View Full Version : Horrible gas mileage and bad power following engine replacement

03-03-2012, 07:26 PM
1998 subaru Outback 2.5 liter.
I must be the only person on the planet not aware of the HG problem on these cars. My head gaskets finally failed completely at 100k, and blew out the engine.
I found a very competent engine guy (checked credentials, reputation, references, inspected his shop, etc(), and had the engine, oil pump, and water pump replaced. All belts and timing belts were also replaced.
I noticed immediately that the car had low power. I figured it was just needing to break in. I usually get 24-25 mpg. The first tank, I got 20, then less and less, until I'm now getting 16mpg.
We've had an electronic diagnostics run, checking all the sensors, and they're all fine (including O2, temp, knock, air/fuel ratio). compression is excellent. Catalytic converters aren't plugged at all. No computer codes.
We can't figure out how we can be using 35% more fuel than normal, and have the correct air/fuel ratio? We're considering replacing the computer next. It almost seems like there's additional drag somewhere, causing it to need to burn more fuel. Brakes are good - nothing rubbing.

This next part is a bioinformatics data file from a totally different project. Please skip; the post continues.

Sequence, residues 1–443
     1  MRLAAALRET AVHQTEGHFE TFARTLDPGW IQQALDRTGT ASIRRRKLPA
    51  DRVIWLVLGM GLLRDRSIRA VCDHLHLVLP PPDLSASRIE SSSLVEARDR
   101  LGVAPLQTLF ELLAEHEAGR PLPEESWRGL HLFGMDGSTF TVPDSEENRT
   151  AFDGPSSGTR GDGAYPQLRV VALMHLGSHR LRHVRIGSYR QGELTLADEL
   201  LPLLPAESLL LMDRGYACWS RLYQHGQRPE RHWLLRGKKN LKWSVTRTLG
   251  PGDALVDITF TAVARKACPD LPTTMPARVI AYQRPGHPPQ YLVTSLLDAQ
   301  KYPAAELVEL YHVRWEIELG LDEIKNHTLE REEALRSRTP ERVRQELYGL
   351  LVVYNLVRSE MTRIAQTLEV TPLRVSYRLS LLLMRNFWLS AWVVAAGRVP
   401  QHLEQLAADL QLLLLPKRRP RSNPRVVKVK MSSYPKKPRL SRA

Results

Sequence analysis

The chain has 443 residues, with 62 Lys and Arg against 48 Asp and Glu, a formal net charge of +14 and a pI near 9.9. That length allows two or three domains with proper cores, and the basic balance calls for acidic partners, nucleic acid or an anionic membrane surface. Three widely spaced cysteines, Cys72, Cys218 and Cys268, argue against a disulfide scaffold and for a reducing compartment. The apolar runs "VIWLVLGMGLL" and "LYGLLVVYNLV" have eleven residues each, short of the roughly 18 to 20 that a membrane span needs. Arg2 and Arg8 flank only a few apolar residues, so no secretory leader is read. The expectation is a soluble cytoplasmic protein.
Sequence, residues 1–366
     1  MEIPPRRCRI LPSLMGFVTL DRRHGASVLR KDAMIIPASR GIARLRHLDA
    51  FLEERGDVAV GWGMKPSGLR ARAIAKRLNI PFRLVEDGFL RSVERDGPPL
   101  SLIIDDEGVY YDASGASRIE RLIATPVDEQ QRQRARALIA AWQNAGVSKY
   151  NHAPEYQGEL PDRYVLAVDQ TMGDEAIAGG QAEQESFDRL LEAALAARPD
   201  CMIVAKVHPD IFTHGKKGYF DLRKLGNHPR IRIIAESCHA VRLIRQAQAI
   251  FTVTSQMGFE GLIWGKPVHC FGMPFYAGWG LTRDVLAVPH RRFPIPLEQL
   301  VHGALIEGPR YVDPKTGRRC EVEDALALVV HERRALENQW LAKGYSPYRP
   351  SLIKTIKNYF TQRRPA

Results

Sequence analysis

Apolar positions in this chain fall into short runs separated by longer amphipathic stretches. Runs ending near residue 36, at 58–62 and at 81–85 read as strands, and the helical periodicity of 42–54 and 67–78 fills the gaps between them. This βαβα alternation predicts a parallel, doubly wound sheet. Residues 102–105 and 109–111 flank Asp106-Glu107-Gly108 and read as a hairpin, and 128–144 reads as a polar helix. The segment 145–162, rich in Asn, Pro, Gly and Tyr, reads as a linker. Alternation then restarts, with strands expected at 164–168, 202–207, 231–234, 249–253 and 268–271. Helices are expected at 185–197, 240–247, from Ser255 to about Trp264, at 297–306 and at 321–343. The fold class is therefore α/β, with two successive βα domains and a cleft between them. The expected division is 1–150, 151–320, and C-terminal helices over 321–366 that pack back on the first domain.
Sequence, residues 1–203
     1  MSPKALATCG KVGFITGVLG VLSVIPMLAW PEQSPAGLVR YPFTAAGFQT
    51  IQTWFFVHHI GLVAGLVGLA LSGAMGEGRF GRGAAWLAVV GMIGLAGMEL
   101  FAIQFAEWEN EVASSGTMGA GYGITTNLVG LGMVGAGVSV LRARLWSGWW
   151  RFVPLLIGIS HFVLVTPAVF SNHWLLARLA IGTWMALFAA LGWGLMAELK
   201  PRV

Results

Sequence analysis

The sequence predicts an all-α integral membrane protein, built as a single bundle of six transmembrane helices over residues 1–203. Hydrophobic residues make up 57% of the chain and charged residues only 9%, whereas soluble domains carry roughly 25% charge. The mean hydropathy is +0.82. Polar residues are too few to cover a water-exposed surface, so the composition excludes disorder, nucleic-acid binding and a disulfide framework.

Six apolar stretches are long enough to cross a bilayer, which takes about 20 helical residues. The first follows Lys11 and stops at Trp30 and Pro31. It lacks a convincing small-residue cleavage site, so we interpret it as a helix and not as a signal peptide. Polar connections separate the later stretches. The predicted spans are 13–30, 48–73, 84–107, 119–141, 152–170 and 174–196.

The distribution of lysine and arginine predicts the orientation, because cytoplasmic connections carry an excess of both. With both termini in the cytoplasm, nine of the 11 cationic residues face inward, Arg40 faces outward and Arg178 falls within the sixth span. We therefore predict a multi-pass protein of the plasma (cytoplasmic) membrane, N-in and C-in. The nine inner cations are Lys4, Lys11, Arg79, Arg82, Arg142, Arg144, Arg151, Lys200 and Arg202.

What on Earth do we try next?

03-03-2012, 08:30 PM
Try clearing the computer codes, even though none are showing.........sometimes this clears things by doing a "reset" of the ecm.
Were the codes checked with a generic code reader or the dealer unit? The dealer one will often reveal codes not visible on generic machines.

Were the correct head gaskets used? Valve timing done correctly? Current compression readings?

03-03-2012, 08:50 PM
How do we reset the computer? Can we do this by simply unplugging the battery?
Codes were checked with a generic reader. The local dealership is know for being, well.... incompetent, so we went to the generic "import place". We can drive a few extra miles and have a better dealership check the codes. Original HG were not used, since they're design-flaw cause the whole adventure int he first place. They were replaced with the correct gaskets that were meant to fix the whole head gasket problem - multi-layer steel, is that right? The guy who rebuilt the engine is the guy that all the area dealerships send their engines to to get rebuilt, so he's pretty experienced. He set the valve-timing, but being human, a mistake could have been made. We can certainly check that. Compression readings are: 173, 169, 161, and 165.
Thanks for the ideas.